The third church of Buen Suceso is a Catholic temple in the Spanish city of Madrid, located on Calle de la Princesa also known as Buen-Suceso Church (Nuestra Señora del Buen Suceso). The first church of Buen Suceso had been in Puerta del Sol. A second church was destroyed during the civil war, was partially restored but was finally demolished in 1975.
The building that housed the second church was declared in ruin and demolished in 1975, and a modern architectural complex was built on its site, consisting of the new Church of Buen Suceso and a residential complex. Carried out by the architect Manuel del Río along with Ignacio Ferrero Ruiz de la Prada and Juan Hernández Ferrero, it was inaugurated in 1982. Due to its appearance and the fact that its façade is covered with stainless steel, it is known as “Nuestra Señora de Magefesa.
In January 1975, the demolition of the second Buen Suceso church on Calle de la Princesa began. The following year the huge and valuable site went up for public auction and, despite protests, in 1977 the Urban Planning Department granted the construction licenses.
Calle de la Princesa was being transformed, populating shopping centers, large hotels and modern high-rise buildings, little remained of the mansions and gardens that occupied the street and its surroundings at the beginning of the 20th century.
Buen Suceso Church, Madrid – The current building was built on the site, a group of houses and offices that includes the small church. Of the many flats and premises built, a part remained in the hands of the Patronato del Buen Suceso, belonging to Patrimonio.
History of Buen Suceso Church, Madrid
Buen Suceso Church, Madrid – The current church of Nuestra Señora del Buen Suceso, built in 1982 by the National Heritage architect Manuel del Río, is not valued and is even reviled from the historical-architectural point of view, for a time it was ironically and disparagingly known as “Our Lady of Magefesa”.
As a curiosity, although it is relevant, we can remember that in the same decade this architect also participated in the construction of the famous Windsor building, in AZCA, which disappeared a few years ago in a fire. This building was part of an architectural renovation that took place at that time, especially innovative in terms of the materials used.
The exterior of the Buen Suceso Church, Madrid is very simple, only topped with a dark cube on top with a cross. Its interior, although it is also very simple, hides more treasures. The octagonal floor plan, ten meters on each side, is illuminated with modern stained glass windows. The wooden coffered ceiling stands out, with decoration in the center of each case.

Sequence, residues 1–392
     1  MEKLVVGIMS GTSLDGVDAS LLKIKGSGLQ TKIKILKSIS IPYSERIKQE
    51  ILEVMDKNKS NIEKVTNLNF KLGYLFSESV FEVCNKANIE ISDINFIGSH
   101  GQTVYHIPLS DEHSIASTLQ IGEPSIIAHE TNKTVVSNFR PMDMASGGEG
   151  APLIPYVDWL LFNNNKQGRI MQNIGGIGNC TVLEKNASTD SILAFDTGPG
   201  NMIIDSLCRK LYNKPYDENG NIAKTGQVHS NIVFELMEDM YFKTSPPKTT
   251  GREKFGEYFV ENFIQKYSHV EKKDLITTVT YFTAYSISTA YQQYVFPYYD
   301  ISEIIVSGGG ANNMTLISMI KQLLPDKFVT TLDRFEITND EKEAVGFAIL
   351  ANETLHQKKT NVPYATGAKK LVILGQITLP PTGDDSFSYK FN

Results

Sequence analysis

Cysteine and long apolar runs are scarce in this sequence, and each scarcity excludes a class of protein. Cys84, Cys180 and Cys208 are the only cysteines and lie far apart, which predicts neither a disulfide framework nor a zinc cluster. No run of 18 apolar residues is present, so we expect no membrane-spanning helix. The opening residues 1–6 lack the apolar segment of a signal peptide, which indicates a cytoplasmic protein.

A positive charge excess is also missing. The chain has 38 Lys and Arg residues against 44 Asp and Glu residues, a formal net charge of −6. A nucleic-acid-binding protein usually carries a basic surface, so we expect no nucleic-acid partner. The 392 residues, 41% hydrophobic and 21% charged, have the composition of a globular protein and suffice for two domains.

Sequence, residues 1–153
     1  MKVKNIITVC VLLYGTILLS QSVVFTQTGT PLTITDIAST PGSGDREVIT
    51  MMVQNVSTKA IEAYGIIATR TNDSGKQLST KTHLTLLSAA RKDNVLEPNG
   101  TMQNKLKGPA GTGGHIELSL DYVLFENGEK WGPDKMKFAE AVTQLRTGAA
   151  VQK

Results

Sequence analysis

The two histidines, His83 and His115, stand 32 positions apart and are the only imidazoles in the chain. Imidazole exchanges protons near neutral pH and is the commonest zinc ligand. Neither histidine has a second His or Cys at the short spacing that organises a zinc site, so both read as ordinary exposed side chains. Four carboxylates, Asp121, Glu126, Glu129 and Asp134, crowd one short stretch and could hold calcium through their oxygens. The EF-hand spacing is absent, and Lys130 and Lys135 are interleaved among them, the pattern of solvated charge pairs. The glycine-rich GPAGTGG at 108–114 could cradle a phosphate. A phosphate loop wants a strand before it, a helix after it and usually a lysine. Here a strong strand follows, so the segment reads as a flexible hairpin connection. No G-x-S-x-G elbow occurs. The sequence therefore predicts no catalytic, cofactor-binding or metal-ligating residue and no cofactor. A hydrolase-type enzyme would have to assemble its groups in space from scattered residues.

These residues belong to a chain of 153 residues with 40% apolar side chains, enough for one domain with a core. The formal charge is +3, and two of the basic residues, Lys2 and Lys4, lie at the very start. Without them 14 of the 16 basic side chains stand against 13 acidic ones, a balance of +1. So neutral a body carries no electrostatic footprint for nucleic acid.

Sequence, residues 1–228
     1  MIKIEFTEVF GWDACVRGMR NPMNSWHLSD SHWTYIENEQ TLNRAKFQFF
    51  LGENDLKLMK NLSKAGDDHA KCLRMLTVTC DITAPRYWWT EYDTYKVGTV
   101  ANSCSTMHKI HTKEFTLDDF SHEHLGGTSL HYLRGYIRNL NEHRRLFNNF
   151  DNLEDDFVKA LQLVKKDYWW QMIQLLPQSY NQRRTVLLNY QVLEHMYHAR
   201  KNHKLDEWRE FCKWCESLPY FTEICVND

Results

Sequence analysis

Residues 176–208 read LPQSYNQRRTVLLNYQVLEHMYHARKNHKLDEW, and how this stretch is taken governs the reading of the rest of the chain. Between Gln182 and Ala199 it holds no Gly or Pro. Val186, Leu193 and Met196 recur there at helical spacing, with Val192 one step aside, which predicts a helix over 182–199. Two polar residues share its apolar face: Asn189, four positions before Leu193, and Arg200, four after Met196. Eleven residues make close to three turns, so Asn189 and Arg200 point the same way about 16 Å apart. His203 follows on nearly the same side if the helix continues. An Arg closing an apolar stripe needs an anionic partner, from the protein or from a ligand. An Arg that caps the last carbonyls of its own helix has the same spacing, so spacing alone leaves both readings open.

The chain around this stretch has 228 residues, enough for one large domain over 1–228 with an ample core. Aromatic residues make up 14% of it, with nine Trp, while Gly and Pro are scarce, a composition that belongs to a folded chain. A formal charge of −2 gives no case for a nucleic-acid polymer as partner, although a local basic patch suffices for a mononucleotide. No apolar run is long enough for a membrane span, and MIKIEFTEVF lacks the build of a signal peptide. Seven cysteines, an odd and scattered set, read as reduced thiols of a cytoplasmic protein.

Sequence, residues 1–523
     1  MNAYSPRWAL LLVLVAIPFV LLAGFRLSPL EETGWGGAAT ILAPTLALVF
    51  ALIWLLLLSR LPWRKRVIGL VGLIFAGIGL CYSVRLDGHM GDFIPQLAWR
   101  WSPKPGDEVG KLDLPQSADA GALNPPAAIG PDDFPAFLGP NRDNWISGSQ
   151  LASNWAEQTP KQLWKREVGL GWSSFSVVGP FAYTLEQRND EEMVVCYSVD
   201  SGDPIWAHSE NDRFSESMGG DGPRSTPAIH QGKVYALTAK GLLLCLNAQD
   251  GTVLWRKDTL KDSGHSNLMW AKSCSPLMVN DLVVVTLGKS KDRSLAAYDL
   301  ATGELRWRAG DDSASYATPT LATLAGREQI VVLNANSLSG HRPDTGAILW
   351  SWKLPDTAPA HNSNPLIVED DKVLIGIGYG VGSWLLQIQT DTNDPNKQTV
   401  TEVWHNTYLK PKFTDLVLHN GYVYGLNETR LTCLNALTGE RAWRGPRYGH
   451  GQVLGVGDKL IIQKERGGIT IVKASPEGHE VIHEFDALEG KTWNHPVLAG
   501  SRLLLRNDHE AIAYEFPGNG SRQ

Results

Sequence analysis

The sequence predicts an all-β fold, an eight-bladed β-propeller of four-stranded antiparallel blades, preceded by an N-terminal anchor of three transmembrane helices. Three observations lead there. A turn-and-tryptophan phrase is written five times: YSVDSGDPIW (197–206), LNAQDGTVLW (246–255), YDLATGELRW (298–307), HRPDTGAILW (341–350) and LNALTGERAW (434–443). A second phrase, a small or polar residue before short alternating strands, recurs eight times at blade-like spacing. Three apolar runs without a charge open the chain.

To the left a gallery houses the organ, the third organ of Buen Suceso . The previous church, by Ortiz de Villajos, inherited the Puerta del Sol, which was not replaced by another until the reign of Alfonso XII, being installed in 1879. But this new one was destroyed in the civil war, so that in the In the 1940s a new one was created, in turn inherited by the new and modern parish.
To the right is the Chapel of the Sacrament, in the shape of a trapezoid, next to another circular space illuminated by a light from above over the stone baptismal font.
The ambo or lectern for reading or singing in liturgical functions, built at the end of the 19th century, is also preserved from the previous era . It is made of alabaster, with a golden shaft from the old altar, and a polished pink marble base.
The image of Our Lady of Good Success, venerated by the residents of the Argüelles neighborhood on Calle de la Princesa, is the same one that was found by the Obregones brothers in a cave at the beginning of the 17th century, and that was in the Puerta del Sol until the first church was demolished in the 19th century.
It is an image of clothing, carved in cypress wood. It measures 53 centimeters, the arms are articulated, and the hands painted flesh-colored, on the left it holds the Child, who measures about eleven centimeters, and on the right a scepter. The dressing room in which it has been located since the 1960s is the bronze altarpiece built at the end of the 19th century for the main altar of the previous temple.
Apart from religious questions, there are many reasons to encourage us to visit this church in the heart of the Arguelles neighborhood. This summer, on a Saturday morning, around ten o’clock, a time when the warm light filters through the windows, we have been able to verify that behind that cold facade to which the neighbors have already become accustomed, valuable things are hidden and, above all, everything hides several centuries of history.
Iglesia del Buen Suceso
The Iglesia de Nuestra Señora del Buen Suceso, commonly known as Iglesia del Buen Suceso was a church of Madrid that delimited the eastern part of the Puerta del Sol (Madrid). The church comes from a remodeling of the Hospital Real de la Corte (Royal Hospital of the Court) (built in 1483). Was doing functions of church and hospital since 1590. Its lonja was meeting place for several centuries.